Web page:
Tag Archives: LGBT

Tolerant traffic lights

Last Saturday was an annual event that I look forward to but which is pure torture for my wife, and which she falls asleep during most years. I’m talking about the camp kitsch-fest, the Eurovision* Song Contest. This year, it was hosted in Austria, and to celebrate the bearded lady who won last year, new traffic lights have been installed around Vienna that celebrate diversity and LGBT couples. There has been some controversy surrounding the cost of installing these new lights around the city, but they have been embraced by locals and are going to be rolled out to other cities across Austria. Personally, I think that they are a great idea, and wish that such things could be found here in the UK. I fear though that here there would be too much backlash, or they would be vandalised by individuals with too much testosterone and too much prejudice in their system to think straight (or in this case, think too straight). Despite the image that this country tries to maintain, we will never be comfortable enough and inclusive enough to institutionalise such views without falling foul of someone who can’t see past the stigma and who does not understand humanity in all of its many possibilities.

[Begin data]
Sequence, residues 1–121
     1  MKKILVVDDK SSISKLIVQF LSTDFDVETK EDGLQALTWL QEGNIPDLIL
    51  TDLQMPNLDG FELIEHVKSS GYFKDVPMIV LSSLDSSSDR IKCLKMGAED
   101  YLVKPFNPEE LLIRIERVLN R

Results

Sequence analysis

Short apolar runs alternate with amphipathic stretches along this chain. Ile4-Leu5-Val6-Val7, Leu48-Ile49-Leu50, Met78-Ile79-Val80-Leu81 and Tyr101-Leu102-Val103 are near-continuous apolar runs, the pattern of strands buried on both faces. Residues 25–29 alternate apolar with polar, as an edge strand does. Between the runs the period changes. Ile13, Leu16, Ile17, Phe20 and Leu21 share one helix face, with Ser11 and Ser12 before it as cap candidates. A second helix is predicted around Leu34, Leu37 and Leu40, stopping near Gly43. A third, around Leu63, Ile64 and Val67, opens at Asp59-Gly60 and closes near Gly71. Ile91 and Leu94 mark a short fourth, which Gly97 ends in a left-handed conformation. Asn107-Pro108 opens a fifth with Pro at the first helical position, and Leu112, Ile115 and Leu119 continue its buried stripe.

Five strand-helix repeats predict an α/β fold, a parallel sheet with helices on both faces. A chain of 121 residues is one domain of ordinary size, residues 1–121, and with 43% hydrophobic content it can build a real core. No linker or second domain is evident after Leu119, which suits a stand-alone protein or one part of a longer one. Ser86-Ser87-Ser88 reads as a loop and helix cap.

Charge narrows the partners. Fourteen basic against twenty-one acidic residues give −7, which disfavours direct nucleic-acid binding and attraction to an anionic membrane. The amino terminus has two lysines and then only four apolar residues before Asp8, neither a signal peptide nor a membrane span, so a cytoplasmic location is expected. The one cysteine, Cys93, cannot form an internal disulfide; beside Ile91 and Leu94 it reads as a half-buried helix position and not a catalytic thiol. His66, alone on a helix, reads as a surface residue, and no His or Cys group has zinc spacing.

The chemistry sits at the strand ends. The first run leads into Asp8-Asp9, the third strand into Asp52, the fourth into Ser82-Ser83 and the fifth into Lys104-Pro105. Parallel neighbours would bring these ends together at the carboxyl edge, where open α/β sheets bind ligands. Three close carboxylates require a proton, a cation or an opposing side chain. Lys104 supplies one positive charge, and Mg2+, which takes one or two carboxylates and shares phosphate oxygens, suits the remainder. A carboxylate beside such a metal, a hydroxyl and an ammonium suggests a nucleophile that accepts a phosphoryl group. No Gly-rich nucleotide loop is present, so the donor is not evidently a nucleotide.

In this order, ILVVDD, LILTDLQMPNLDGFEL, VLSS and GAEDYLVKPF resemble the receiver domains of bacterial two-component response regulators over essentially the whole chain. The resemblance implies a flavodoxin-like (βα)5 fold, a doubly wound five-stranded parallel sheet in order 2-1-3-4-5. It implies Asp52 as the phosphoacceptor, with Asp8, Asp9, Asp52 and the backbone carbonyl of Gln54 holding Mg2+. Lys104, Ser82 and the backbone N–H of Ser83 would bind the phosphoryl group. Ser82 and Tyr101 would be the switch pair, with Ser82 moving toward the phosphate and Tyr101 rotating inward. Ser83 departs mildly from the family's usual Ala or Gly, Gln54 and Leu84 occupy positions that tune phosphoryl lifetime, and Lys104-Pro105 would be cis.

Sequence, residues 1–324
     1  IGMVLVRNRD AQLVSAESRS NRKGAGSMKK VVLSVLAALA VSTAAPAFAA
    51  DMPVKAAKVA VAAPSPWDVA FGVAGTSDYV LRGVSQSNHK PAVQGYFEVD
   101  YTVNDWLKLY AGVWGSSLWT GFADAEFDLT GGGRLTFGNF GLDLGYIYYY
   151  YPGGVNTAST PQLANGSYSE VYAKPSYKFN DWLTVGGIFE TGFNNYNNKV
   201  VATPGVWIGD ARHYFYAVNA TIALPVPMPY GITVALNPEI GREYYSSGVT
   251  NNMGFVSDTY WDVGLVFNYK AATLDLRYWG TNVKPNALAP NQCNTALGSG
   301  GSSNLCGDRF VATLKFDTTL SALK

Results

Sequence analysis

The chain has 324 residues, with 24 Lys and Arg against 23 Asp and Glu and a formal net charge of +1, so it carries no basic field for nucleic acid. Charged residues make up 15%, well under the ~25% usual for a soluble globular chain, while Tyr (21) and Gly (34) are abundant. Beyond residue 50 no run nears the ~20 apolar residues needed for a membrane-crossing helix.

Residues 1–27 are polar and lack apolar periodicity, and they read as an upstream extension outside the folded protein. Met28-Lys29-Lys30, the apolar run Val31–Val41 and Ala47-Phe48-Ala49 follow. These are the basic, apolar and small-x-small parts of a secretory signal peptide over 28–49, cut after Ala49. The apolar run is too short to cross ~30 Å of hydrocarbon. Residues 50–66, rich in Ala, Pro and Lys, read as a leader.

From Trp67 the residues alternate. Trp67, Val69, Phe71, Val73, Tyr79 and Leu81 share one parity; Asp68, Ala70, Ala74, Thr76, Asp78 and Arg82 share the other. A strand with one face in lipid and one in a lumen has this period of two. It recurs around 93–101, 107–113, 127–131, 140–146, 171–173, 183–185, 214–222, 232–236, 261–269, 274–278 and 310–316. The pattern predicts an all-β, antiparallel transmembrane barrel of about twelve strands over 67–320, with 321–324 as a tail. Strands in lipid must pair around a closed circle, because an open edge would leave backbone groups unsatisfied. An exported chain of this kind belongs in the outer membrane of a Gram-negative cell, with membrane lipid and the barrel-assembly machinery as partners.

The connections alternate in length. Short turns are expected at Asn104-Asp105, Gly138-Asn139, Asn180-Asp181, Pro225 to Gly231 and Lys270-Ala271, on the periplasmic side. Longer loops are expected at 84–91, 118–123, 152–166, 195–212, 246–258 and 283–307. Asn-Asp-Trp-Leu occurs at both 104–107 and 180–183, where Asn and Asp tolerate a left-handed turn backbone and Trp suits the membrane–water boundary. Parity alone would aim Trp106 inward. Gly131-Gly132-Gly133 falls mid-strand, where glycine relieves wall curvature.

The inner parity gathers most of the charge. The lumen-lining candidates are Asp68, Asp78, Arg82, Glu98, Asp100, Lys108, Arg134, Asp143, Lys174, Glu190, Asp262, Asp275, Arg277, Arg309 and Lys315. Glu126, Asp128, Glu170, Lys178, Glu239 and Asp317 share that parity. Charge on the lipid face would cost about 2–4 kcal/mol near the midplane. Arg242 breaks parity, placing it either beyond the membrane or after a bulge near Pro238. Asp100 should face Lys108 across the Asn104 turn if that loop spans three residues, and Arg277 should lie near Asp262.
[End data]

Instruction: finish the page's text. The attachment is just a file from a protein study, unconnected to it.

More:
The new lights, depicting both hetero- and homosexual couples

The new lights, depicting both hetero- and homosexual couples


* Yes, I know that it was the 60th Contest, but how does that validate the inclusion of Australia? And since when have Azerbaijan and Israel been part of Europe?

Tagged

A big thumbs up to Google- Winter Olympics 2014

It can’t have escaped the attention of many people that the XXII Winter Olympics have begun in Sotchi, Russia, and that there has been a large amount of tension due to the ridiculous, barbaric and utterly repulsive anti-homosexuality laws that their ruling dictatorship has put in place. So yesterday I was impressed and warmed by the actions of Google, who in their usual fashion produced a ‘Google Doodle’ to celebrate the opening of the games, but which looked like this: